A UNIVERSITY of Chester student imported drugs from Holland and used a friend's name in the package address.

Gayan Aponsu, 22, was living at Liverpool Road, Chester when he became a "sole trader" in supplying a number of class A drugs, Chester Crown Court heard on Friday, July 2.

Aponsu pleaded guilty to two charges of importing class A and class B drugs from Holland, three charges of possessing class A drugs with intent to supply and three charges of being concerned in the supply of class A drugs.

He was jailed for three years and eight months.

Proseucting, Brett Williamson said Aponsu, a business studies student at the time of the offending, had managed to find an importer of drugs through the dark web.

Border Forces officers intercepted two packages from Holland at Heathrow Airport. One of them contained about 20 grams of MDMA, while another contained about 10 grams of ketamine.

Police identified Aponsu's address and raided the property, finding 1.7g of cocaine, 10 tablets of LSD and 57.75 MDMA tablets, as well as scales and snap bags, plus a mobile phone with drug-dealing related text messages, which showed the drugs operation was across North Wales and Chester.

The two packages had been addressed to Aponsu's friend, who was arrested and interviewed, but the prosecution concluded had nothing to do with the enterprise.

The class A drugs found had a collective street value of £2,500.

Also discovered were two bank accounts, one of which contained a number of small payments consistent with that of someone involved in the drugs trade, the court heard.

About $7,000 of cryptocurrency had been obtained and spent.

Defending, Gareth Thomas said Aponsu was a young man who, at the time, "had the world at his feet" and was "remorseful and ashamed of what he has done".

He and his family had come to the UK from Sri Lanka and he had endured "a very difficult childhood".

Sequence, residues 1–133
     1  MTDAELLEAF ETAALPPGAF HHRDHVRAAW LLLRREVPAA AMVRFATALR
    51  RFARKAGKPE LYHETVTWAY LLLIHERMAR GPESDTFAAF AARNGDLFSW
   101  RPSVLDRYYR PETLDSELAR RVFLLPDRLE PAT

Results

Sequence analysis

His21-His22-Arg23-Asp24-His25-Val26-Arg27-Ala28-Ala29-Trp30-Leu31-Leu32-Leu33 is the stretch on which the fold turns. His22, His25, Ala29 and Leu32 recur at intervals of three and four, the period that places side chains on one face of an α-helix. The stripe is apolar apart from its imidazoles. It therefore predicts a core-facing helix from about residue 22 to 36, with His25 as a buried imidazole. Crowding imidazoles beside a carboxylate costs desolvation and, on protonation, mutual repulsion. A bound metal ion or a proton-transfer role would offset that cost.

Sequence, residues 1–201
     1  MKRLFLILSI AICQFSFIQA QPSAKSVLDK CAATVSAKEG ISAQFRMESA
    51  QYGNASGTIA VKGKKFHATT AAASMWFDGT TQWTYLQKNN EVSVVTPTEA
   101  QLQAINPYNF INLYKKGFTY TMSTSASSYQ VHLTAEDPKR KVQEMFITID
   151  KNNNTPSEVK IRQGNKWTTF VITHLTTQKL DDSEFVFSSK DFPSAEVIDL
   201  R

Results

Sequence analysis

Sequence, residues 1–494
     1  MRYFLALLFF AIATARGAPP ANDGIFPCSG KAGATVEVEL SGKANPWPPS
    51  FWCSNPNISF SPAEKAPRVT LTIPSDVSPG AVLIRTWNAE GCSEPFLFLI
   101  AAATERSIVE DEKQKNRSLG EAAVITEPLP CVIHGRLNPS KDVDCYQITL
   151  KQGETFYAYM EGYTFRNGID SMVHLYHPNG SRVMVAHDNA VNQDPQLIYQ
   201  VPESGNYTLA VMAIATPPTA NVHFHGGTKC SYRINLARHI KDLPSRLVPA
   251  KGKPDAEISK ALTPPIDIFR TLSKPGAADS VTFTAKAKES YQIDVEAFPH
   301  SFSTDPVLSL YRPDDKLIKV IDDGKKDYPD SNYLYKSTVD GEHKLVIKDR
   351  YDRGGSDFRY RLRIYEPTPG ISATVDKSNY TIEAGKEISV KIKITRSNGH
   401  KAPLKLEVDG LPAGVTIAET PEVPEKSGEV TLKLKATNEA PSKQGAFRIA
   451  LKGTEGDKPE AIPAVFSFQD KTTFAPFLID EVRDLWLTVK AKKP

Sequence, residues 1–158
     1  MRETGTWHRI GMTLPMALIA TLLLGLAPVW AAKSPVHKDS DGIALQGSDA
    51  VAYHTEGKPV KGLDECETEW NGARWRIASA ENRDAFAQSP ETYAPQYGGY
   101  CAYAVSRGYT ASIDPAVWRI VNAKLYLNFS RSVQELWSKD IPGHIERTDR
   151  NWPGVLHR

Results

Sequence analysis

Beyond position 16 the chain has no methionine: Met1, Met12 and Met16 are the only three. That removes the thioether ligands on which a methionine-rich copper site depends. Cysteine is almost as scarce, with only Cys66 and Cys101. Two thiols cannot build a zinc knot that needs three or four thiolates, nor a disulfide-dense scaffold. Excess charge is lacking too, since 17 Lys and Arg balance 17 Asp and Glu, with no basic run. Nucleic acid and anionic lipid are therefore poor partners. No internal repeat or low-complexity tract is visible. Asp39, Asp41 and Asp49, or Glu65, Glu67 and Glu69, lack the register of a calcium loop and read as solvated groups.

But it was "a monumentally stupid decision" to get involved in the supply of drugs.

He was "a man of previously impeccable character" and "desperately" wanted to put the offences behind him and continue with his studies if possible.

Recorder Mark Ainsworth told Aponsu: "The full story begins many years ago. You came to the UK with your family when you were eight years old to start a new life in this country.

"You have had a difficult childhood before and since you arrived. It was something of great pride, I'm sure, that you got a place at the University of Chester, studying business studies.

"You would not be the only student in the UK paying fees in that course, but that does not begin to justify what you did.

"You must understand the absolute misery class A drugs cause in society. They wreck lives and they wreck communities.

"While they may raise income, the price paid by society is immense.

"You were able to source ecstasy and ketamine from the so-called dark web and arranged for them to be sent to the UK to your address. To do that, you used the name of a fellow student, who was wholly blameless.

"He suffered the distress of being arrested and interviewed – he must have sat there thinking his world was falling apart. His only misfortune was knowing you. It's quite shameful you should involve him in this way."

Judge Ainsworth said he acknowledged the prison sentence would have an impact on Aponsu for many years, as well as that of his family.

Aponsu was jailed for three years, eight months, and a Proceeds of Crime Act hearing is due to be heard in November, which will assess how much Aponsu needs to repay financially.